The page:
If one paid attention only to the most sensational postings and most acerbic bloggers, it would be easy to stereotype blogs as unleashing, from the pits of Mordor, an army of frothing, torch-wielding hobgoblins who will propel America toward a Balkan tragedy. But many blogs are political educators of the best kind: teaching a new generation of people concerned about and involved in democracy and activated to serve their country and their community.
One such example is Watchblog, which describes itself as “a multiple-editor weblog broken up into three major political affiliations, each with its own blog: the Democrats, the Republicans and the Third Party (covering everything outside the two major parties.” The creators of the blog explain, “Let’s face it, politics is confusing. Sometimes it’s difficult to know who to believe, who to listen to and who to support. We’re here to help. Posting on a regular basis are editors representing each major party. Stay informed.”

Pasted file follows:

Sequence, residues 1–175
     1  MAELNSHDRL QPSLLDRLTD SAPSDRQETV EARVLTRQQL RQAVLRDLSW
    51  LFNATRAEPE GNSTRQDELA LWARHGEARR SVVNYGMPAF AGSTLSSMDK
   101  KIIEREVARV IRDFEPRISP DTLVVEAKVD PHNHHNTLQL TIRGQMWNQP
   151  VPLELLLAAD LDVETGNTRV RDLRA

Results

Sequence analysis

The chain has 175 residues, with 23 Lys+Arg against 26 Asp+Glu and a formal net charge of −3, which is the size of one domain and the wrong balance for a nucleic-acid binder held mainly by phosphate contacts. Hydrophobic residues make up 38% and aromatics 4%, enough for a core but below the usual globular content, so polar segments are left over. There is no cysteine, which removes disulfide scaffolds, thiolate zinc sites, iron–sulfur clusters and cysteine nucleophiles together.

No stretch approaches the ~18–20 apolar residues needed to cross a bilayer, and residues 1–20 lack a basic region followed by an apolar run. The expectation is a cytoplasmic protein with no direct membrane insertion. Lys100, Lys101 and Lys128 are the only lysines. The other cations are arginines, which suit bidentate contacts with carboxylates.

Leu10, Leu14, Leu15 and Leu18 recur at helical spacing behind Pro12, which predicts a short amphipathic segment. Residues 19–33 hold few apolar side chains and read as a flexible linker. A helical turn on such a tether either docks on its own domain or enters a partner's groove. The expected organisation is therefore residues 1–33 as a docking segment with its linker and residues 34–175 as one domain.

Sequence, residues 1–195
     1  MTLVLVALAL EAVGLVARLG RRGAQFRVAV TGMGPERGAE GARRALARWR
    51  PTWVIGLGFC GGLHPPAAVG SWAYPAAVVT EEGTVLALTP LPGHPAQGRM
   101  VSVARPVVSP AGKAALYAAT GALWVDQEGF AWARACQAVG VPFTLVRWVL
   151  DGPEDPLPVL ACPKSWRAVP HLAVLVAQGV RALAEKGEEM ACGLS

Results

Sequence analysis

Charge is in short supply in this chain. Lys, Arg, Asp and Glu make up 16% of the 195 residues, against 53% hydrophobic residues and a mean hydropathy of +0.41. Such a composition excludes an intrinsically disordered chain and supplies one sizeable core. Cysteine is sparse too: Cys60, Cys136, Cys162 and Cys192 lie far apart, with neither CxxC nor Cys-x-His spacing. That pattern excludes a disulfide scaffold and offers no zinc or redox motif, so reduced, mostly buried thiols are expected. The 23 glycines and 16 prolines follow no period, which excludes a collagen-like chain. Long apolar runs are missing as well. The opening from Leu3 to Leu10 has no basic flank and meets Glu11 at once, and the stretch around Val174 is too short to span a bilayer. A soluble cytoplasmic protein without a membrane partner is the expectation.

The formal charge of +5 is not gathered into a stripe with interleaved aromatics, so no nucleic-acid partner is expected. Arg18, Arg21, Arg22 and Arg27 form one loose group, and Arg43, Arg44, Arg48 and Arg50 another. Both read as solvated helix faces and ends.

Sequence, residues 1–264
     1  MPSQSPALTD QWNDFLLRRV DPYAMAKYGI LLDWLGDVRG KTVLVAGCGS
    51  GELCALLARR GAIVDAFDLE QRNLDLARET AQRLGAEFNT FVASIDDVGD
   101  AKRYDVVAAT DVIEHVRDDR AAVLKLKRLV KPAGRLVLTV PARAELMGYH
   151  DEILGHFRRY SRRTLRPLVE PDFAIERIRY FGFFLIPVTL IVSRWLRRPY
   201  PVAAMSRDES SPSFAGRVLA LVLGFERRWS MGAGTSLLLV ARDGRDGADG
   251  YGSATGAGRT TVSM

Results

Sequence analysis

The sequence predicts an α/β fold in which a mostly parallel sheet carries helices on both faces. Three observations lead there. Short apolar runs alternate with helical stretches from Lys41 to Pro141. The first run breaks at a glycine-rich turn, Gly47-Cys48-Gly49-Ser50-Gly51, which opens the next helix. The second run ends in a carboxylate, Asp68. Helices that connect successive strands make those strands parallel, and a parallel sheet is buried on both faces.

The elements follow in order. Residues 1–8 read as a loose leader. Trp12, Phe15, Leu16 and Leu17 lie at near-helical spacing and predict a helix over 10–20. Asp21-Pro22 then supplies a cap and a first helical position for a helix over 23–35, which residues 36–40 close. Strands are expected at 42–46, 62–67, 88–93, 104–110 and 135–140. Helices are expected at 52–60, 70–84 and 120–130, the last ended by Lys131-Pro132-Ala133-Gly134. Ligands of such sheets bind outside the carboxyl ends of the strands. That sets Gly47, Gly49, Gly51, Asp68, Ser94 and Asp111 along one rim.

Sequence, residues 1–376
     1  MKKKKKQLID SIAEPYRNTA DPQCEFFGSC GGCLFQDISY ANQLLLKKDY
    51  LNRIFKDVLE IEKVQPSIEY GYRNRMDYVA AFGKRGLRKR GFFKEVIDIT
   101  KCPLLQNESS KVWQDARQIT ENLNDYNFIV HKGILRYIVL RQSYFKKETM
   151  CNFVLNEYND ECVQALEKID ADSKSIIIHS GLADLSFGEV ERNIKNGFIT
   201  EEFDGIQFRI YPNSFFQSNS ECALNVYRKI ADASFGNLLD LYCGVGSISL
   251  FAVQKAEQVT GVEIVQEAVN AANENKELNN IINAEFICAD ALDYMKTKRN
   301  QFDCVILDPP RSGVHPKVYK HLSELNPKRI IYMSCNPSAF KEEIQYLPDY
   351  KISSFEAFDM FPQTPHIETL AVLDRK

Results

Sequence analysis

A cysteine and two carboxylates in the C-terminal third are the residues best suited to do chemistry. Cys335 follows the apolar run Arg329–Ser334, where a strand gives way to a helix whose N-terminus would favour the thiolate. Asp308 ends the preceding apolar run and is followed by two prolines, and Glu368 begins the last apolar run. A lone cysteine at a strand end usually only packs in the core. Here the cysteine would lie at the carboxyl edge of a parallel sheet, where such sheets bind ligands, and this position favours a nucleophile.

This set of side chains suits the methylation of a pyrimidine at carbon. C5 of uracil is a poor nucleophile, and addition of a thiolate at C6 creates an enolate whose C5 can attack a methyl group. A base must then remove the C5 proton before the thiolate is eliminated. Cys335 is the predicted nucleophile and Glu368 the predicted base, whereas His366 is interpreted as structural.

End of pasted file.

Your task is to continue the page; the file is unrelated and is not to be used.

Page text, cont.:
Each of the two major parties and the “other” is given its own section within the blog. Watchblog is a wonderful teaching tool that I use because of its compare-and-contrast format. Want to know what right blogs and left blogs and other blogs said on Cindy Sheehan or Hurricane Katrina or Dick Durbin’s Guantanamo remarks? Here are some of them compiled for us to assess. In addition, we can also judge the stances of the different political parties on topics and issues of the day from taxes to the war in Iraq, although some of these can be as vague and obtuse as any regular political discourse.
In the future, there will be more blogs that serve as political educators and more big media coverage of that function.
As stated in an earlier post, it is not clear whether blog readers use blog content to seek out “feedback that fits” or to compare goods in the marketplace of ideas. My opinion is that blogging helps democracy best when we use blogs not to confirm our beliefs, but to explore them.
Originally posted January 11, 2006 at PolicyByBlog